What is Coercive & Controlling Behaviour?
The latest episode in the new season of BBC drama ‘The Split’ featured a woman experiencing coercive and controlling behaviour by her husband. It’s not surprising that this has been explored on prime-time TV. This form of domestic abuse has been high on the media’s agenda since coercive or controlling behaviour became a criminal offence in December 2015.
The definition of coercive control is an act or a pattern of acts of assault, threats, humiliation and intimidation or other abuse that is used to harm, punish, or frighten their victim. Examples of this behaviour include isolating a person from friends and family, monitoring a person’s time, taking control over aspects of a person’s everyday life and repeatedly humiliating, degrading or dehuminising a person.
Separation & Divorce
The first step that a solicitor might advise is applying to the Court for a non-molestation Order which can protect you from such behavior. The term molestation is wide and can include financial, emotional, physical and sexual abuse. A non-molestation Order can prevent a person from carrying out certain actions – for example not to harass, pester or intimidate someone.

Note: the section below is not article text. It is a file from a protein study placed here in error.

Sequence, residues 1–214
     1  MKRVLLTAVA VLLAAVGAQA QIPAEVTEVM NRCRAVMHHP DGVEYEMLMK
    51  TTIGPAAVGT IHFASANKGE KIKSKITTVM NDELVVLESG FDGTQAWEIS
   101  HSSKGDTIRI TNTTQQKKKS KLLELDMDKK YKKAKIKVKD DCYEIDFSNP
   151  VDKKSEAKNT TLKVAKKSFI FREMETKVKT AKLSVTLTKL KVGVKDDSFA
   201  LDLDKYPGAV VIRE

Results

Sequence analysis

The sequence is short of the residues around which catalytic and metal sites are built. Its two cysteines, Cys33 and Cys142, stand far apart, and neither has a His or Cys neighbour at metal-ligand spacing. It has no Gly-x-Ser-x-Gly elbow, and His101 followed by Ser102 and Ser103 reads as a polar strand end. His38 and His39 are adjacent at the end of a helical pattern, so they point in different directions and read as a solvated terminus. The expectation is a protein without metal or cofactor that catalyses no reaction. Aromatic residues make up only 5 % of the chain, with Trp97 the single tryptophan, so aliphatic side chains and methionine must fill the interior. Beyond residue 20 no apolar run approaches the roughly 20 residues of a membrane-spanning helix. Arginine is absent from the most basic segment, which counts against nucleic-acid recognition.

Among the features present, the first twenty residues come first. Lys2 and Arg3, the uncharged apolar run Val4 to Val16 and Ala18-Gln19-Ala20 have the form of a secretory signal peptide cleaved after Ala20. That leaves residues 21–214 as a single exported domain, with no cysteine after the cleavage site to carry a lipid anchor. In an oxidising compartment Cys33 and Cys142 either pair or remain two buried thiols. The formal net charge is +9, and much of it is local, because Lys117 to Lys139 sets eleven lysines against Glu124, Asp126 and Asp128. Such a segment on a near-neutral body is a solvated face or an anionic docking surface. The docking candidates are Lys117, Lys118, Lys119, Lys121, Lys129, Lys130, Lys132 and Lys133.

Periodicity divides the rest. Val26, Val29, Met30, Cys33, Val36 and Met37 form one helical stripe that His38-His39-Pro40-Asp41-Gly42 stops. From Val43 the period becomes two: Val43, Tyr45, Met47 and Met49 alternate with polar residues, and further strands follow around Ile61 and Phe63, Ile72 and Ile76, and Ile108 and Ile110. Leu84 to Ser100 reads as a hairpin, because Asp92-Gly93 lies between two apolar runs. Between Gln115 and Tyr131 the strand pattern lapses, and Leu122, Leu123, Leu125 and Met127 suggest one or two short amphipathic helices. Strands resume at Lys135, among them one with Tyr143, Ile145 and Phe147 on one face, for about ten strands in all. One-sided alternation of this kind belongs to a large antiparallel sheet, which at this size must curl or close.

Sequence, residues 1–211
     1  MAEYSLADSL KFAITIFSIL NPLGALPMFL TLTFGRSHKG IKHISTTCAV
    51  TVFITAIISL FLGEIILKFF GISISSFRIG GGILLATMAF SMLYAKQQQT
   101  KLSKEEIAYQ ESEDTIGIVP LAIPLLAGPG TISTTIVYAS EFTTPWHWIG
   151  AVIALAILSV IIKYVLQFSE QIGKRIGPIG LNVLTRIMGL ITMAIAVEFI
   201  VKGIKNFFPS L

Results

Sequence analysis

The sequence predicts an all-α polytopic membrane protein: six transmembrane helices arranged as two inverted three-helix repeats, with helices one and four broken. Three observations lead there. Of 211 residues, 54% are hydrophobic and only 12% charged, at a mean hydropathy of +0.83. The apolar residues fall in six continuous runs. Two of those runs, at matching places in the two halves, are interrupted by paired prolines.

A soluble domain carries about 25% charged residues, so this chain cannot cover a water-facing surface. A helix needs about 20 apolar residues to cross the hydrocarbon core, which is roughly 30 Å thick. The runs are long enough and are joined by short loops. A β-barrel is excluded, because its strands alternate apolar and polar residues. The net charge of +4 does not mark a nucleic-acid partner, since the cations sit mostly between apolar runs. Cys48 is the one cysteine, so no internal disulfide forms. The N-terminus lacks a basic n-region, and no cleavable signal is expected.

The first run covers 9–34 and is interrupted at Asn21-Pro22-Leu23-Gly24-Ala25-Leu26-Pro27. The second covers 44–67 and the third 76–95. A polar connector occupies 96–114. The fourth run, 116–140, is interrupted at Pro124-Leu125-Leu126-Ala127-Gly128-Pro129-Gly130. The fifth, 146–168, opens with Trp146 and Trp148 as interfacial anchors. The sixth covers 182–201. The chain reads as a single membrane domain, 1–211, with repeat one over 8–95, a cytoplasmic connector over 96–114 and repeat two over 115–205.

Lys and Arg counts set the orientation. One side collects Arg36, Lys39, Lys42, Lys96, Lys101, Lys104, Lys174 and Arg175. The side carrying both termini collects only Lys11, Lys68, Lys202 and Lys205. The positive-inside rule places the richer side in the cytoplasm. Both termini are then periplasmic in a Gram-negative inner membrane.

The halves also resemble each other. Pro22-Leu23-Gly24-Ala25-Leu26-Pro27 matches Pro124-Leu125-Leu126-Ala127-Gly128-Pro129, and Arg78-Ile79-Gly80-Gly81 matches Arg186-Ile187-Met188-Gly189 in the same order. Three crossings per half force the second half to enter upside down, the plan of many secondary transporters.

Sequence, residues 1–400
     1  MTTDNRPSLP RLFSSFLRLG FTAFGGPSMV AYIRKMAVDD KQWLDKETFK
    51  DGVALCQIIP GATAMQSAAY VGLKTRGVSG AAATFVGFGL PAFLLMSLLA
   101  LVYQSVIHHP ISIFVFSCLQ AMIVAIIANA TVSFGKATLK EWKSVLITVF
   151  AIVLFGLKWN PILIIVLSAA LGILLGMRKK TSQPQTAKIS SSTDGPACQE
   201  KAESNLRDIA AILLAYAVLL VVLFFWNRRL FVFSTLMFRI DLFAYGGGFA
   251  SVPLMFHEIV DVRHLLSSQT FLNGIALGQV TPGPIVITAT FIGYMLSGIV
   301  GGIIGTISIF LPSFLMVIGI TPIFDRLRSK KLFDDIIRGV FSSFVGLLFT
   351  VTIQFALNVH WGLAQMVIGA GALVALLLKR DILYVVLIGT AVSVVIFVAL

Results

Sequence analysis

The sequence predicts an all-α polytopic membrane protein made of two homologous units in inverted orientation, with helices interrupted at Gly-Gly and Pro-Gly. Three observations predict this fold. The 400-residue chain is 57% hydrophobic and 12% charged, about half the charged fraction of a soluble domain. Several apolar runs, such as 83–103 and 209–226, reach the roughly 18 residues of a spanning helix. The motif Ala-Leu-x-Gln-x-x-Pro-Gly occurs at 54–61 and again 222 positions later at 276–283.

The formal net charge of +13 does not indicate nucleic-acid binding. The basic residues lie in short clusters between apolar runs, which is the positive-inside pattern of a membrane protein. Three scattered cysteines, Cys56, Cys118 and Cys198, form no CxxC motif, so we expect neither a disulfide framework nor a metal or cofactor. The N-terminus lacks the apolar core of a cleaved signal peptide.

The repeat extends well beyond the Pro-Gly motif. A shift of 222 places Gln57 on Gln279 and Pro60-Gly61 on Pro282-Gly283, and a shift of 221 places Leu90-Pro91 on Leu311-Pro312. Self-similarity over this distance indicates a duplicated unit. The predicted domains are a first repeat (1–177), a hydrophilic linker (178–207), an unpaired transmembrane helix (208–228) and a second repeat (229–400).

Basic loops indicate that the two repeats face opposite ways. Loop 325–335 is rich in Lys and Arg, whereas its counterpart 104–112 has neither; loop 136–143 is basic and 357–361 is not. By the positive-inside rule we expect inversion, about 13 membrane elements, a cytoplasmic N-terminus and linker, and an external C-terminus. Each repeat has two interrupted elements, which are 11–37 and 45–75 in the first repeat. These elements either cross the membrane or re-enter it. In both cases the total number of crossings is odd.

Allegations of coercive and controlling behaviour are increasingly referred to in divorce proceedings. It may be used to demonstrate that a marriage has irretrievably broken down. However, in financial proceedings the Court will only take conduct into account if it is so serious that to ignore it would be unfair.
It is therefore important for the person experiencing coercive and controlling behaviour to retain evidence that can be used to prove this in Court. This might include keeping a list or diary of events, noting if there are witnesses who may have observed or heard these events, also text messages and any contact with specialist support services.
How can a family solicitor help?
Our team of friendly family solicitors have extensive experience in dealing with relationships that have broken down as a result of coercive and controlling behaviour. We will listen to your situation, set out where you stand legally and provide supportive, personal advice tailored to you.
If you would like to talk to a specialist family lawyer please call 0117 906 9400 or email firstname.lastname@example.org